Will the Real Mashup Please Stand Up

August 1, 2007 at 3:23 pm | Posted in Composite Applications, Mashups, portals, Web 2.0 | 1 Comment

I think I get this whole “mashup” thing, but there’s one part I’m still figuring out: why is a combo made with Google Maps considered a mashup?

To explain my confusion, I’ll start with some history. The term mashup is derived from the music world where it describes a song created by combining (generally overlaying) parts of other songs. I’d describe it as a “frankensong”. The term “mash” has implications of a forceful, less-than-orderly combination of things. If you check the dictionary, you’ll see definitions and synonyms for “mash” that include words like “violence”, “pounding”, “crush”, and (yikes!) “pulpy mass”. The implication is that the musical combination is supposed to be quirky, creative, and charmingly rough. The outcome should be “new” – a different vibe, emotion, genre. It should be an unintentional use of the pieces involved.

I can see how a messy Facebook page, with all sorts of seemingly disconnected content and media crammed next to each other to create a new and charming mosaic of someone’s life, would fit the mashup concept.

But take a look at everyone’s favorite web-based example of mashups: Google Maps. A client recently told me mashups should really be called “mapsups” because Google Maps seems to be the only example anyone can give! In fact, according to ProgrammableWeb, Google Maps accounts for 50% of all mashup API use. John Musser’s Mashup Feed shows 54% of examples leveraging Google Maps.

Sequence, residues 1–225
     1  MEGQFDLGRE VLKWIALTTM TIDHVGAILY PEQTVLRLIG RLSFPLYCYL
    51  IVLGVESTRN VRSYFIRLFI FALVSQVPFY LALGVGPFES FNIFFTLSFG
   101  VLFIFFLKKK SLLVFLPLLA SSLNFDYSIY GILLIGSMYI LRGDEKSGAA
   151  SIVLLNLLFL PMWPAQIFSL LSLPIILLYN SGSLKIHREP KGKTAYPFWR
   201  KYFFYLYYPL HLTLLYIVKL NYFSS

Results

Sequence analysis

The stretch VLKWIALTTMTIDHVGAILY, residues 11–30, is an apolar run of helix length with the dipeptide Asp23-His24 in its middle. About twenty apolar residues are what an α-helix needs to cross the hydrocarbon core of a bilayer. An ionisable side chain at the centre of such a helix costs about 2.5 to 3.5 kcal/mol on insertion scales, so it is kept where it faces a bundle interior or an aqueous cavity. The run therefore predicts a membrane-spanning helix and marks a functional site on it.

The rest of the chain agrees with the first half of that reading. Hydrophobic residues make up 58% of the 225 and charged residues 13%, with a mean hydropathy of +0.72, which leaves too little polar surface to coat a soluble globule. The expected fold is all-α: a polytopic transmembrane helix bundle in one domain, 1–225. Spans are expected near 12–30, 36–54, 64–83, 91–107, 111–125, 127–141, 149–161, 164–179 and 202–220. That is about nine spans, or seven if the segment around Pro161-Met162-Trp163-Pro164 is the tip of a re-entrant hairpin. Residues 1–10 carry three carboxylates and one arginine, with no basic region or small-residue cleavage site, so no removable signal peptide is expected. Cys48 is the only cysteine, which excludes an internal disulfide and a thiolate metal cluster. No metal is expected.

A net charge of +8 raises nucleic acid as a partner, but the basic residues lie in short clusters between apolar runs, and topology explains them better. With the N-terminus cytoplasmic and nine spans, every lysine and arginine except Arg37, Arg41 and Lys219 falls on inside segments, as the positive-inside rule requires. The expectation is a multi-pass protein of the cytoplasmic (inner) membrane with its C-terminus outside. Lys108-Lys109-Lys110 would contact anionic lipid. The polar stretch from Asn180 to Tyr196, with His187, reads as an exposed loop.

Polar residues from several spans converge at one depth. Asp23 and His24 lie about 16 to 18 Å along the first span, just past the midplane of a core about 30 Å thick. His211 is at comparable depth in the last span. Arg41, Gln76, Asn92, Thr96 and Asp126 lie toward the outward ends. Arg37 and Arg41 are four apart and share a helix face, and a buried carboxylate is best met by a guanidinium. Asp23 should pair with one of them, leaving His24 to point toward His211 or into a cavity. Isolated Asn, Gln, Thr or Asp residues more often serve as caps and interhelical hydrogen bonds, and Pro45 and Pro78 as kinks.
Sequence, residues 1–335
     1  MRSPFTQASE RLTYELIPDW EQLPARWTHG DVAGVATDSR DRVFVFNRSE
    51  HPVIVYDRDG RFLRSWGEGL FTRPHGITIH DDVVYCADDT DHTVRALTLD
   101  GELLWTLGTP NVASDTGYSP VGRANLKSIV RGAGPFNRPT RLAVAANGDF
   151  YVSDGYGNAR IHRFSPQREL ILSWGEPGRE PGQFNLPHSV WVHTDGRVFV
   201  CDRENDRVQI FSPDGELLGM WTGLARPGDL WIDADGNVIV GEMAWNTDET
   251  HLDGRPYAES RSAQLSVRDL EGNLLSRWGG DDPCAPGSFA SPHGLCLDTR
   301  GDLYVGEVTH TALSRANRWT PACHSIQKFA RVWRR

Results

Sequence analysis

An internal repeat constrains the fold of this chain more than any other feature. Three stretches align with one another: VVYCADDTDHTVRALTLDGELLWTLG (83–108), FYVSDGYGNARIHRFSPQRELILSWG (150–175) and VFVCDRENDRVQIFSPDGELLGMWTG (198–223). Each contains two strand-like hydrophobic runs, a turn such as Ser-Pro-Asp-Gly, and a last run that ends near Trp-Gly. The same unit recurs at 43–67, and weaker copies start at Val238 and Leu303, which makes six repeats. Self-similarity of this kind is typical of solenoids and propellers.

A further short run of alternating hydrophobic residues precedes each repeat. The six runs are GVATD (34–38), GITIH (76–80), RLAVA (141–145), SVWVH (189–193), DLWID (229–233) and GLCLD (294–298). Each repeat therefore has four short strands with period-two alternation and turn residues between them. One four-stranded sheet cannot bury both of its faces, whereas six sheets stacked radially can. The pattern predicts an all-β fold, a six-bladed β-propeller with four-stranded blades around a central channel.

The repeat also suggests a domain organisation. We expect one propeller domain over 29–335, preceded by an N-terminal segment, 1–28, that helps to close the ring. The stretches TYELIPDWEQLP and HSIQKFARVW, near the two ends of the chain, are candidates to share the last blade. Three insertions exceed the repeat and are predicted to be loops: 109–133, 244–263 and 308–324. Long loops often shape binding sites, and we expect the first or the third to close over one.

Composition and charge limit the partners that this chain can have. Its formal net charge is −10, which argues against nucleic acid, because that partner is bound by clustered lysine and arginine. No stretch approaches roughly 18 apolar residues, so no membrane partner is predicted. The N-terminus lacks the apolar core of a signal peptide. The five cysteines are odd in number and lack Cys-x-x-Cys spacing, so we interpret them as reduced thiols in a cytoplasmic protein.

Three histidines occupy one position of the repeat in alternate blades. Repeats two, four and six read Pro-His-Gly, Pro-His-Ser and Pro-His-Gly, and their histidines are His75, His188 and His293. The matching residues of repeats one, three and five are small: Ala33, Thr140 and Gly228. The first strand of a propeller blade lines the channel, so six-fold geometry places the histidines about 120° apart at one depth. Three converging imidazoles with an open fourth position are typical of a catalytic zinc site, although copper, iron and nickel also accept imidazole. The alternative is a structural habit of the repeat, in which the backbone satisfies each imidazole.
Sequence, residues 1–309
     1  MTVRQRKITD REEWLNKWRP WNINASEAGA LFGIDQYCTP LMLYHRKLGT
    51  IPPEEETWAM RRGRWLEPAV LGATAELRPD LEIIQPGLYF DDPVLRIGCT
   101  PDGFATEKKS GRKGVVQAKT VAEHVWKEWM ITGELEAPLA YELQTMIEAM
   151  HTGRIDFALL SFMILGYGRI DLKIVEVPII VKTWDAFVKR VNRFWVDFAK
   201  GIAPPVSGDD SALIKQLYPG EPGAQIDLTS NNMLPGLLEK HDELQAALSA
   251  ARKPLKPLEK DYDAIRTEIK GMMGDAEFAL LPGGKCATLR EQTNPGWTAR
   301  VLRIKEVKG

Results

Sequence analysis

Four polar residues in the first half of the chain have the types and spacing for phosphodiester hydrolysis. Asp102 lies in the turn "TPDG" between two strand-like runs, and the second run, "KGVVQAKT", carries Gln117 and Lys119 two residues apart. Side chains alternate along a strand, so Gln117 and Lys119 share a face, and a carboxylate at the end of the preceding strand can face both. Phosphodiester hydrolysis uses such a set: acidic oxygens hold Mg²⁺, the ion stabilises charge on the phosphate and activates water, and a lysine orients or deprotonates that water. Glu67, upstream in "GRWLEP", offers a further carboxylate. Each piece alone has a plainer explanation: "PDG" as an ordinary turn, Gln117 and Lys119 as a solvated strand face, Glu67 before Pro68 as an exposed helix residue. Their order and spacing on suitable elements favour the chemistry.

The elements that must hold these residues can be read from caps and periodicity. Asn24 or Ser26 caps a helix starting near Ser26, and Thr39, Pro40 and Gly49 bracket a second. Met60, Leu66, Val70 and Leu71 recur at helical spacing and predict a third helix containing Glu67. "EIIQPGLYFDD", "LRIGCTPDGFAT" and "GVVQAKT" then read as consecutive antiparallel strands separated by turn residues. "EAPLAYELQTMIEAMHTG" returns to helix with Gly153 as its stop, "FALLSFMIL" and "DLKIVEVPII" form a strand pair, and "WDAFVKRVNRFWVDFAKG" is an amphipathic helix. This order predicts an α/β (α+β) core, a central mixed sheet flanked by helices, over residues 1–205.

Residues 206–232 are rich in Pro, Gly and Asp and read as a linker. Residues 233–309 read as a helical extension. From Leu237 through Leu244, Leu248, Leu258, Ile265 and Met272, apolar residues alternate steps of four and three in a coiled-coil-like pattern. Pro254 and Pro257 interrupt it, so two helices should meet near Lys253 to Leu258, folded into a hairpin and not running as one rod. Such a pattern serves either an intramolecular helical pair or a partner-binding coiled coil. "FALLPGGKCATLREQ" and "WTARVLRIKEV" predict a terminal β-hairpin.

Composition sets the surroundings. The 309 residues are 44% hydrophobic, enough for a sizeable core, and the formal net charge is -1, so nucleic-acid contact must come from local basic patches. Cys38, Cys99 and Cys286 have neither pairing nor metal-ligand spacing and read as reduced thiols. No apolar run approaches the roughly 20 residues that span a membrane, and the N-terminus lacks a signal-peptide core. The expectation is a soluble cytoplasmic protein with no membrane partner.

But are they mashups?

Google provides a mapping API that is used to provide geographic visualization. It’s not unintentional or hijacking something for an unintended use. It’s just an API. This is what it is for. It is no different than calling out to a charting API and, indeed, there have been visualization libraries for a long time for bar charts and geographic mapping (Microsoft MapPoint comes to mind). Maybe it seemed like a clever type of repurposing and combinatorial innovation to the first few people that saw mapsups, but they may have been uninformed about the code-calls-API underpinnings.

So, if the most common example of mashups doesn’t fit the narrative of the mashup and its origins, does that mean mapsups aren’t mashups? Or that the word has evolved and, if so, what does it mean now? I’ll mull that over a bit and publish my thoughts in another blog entry.

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  1. […] State of Mind August 2, 2007 at 4:06 pm | In Composite Applications, Mashups, Web 2.0 | In my previous posting on mashups, I described how the origins of mashups (quick combination of parts that weren’t meant to go […]


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